Economic analysis

The average production and reproduction data and gross margin/ewe of the control and supplementation groups of Angora goats and sheep are presented in Table 10.

Table 10. Production and reproduction data (± s.e.) and gross margin per ewe of Angora goats and sheep

 

CONTROL

SUPPLEMENTATION

ANGORA GOATS

 

 

42-day weight – kids (kg)

12.5 ± 0.2

12.8 ± 0.2

Weaning weight – kids (kg)

17.0 ± 0.3

17.2 ± 0.3

Weaning percentage (%)

75.0

78.7

Gross margin (R/ewe)

454.26

471.79

SHEEP

 

 

42-day weight – lambs (kg)

16.8 ± 0.3a

17.7 ± 0.3b

Weaning weight – lambs (kg)

27.8 ± 0.4a

28.8 ± 0.4b

Weaning percentage (%)

83.3

87.9

Gross margin (R/ewe)

373.59

389.17

ab Values with different superscripts in rows differ significantly (P<0.05)

Gross margins of R454.26 and R471.79 per ewe for Angora goats and R373.59 and R389.17 per ewe for sheep were calculated for the control and supplementation groups respectively.  Although the differences in gross margin per ewe were not significant, the economic analysis indicated that the supplementation of Angora goats and sheep with a commercial trace mineral supplement during the experimental period was economically viable.

The economic analysis also indicated that an increase of 0.4-0.5% in the weaning percentages of Angora goats and 0.7-0.8% in the weaning percentages of sheep, were sufficient to cover the cost of the supplementation. An increase in the weaning percentages of more than the above-mentioned values, which can specifically be attributed to the effect of the trace mineral supplement, will therefore make the practice of trace mineral supplementation a financially viable option.

 

 

CONCLUSION

From the results it appeared that supplementation of Zn, Mn and Se by means of commercial product (Multimin® - Virbac) in general had a positive effect on the measured reproduction traits of sheep and Angora ewes and the production of lambs/kids, although differences were relatively small at most localities. In areas known for possible mineral deficiencies such as Kareedouw, a large increase in the reproductive rate of the ewes, as well as the growth rate of the lambs, were observed. At some localities, however, no differences in production and reproduction traits could be observed and some of the results were even in favour of the control groups. Good grazing conditions were probably one of the reasons for the small differences observed between the control and treatment groups at most of the localities.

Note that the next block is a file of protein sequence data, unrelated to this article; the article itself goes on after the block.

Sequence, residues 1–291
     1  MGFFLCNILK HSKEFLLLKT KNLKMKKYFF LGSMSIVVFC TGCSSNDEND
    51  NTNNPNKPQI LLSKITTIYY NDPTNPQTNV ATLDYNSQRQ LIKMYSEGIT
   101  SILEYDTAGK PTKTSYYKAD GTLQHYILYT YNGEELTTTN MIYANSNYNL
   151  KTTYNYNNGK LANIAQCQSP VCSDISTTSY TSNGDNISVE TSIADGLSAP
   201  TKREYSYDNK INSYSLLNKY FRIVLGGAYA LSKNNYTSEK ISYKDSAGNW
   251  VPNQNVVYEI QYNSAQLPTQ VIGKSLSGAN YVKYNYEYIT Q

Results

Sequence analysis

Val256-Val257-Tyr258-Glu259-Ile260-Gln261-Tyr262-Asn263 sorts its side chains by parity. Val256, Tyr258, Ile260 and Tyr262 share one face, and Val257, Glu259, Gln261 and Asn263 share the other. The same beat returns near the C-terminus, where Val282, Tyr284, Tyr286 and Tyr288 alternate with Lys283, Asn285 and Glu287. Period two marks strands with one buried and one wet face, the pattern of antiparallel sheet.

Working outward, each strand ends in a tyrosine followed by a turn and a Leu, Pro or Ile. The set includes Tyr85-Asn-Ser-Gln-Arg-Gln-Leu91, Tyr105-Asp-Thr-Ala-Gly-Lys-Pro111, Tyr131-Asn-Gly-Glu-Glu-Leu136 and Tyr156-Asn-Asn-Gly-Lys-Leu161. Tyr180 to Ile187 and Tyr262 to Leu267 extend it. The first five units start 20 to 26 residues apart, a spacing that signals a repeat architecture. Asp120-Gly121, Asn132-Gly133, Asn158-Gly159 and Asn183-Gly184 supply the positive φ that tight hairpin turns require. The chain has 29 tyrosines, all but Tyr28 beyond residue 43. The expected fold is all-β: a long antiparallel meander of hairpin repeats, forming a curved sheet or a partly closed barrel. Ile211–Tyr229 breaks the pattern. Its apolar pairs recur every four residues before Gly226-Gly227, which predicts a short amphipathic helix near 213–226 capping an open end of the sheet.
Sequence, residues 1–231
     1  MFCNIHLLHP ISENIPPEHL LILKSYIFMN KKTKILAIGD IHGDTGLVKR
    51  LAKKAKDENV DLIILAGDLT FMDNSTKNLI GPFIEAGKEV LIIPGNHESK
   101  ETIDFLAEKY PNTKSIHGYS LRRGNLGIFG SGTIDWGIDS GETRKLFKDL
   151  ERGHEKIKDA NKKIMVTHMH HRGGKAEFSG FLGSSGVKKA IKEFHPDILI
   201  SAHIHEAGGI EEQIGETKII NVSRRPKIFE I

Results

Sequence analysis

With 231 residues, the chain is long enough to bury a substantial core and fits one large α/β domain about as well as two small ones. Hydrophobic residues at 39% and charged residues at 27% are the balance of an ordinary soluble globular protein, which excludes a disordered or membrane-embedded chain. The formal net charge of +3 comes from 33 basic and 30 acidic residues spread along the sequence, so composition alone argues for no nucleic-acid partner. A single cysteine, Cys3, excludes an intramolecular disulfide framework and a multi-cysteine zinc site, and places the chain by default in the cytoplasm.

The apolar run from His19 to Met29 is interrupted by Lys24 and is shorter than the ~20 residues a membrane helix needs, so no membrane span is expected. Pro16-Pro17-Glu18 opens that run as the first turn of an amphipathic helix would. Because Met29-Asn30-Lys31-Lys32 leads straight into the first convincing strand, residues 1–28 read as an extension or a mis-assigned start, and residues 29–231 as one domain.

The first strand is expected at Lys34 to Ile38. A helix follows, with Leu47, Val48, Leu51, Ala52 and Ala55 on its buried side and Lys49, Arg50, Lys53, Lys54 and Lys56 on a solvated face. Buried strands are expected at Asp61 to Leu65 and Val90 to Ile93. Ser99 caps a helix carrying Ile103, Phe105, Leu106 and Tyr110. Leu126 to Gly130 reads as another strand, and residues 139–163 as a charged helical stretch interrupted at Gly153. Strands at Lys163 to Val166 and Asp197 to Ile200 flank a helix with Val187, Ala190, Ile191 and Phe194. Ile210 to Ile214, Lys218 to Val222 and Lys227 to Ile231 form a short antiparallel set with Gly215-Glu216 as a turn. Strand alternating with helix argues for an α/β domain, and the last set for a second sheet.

The average gross margin per ewe, as calculated with the SM2000 model, indicated an economic advantage in the use of trace mineral supplementation for sheep and Angora goats. As the cost of trace mineral supplementation is relatively low, an increase of less than 1% in the weaning percentages of the ewes as a result of the supplement was sufficient to make this practice economically viable.

 

REFERENCES

Herselman, M.J., 2002. The role of simulation models in agricultural extension. Proc. 39th SASAS Cong., Christiana, 13-17 May 2002, 189.

Kincaid, R.L., 1995. Assessment of trace mineral status of ruminants: A review. Proc. Am. Soc. Anim. Sci., 1-10.

Littell, R.C., Freud, R.J., & Spector, P.C., 1991. SAS System for Linear Models. Third Edition. SAS Institute Inc. Cary, NC.

Puls, R., 1994. Mineral Levels in Animal Health: Diagnostic data. 2nd Ed. Sherpa International, Clearbrook, B.C., Canada.

Van Ryssen, J.B.J., 2001. Geographical distribution of the selenium status of herbivores in South Africa. S.Afr. J. Anim. Sci. 31, 1-7.

Underwood, E.J. & Suttle, N.F., 1999. The Mineral Nutrition of Livestock. 3rd Ed. CABI Publ., Oxon, UK.

 

 

ACKNOWLEDGEMENTS

The following organisations and people funded and participated in the execution of the project:

 

 

Participating farmers

Provincial Departments of Agriculture (Eastern Cape, Northern Cape)

University of Pretoria – Department of Animal and Wildlife Sciences

Mohair SA

Virbac

Cape Mohair and Wool (CMW)

 

Published

Grootfontein Agric 7 (1), 7-13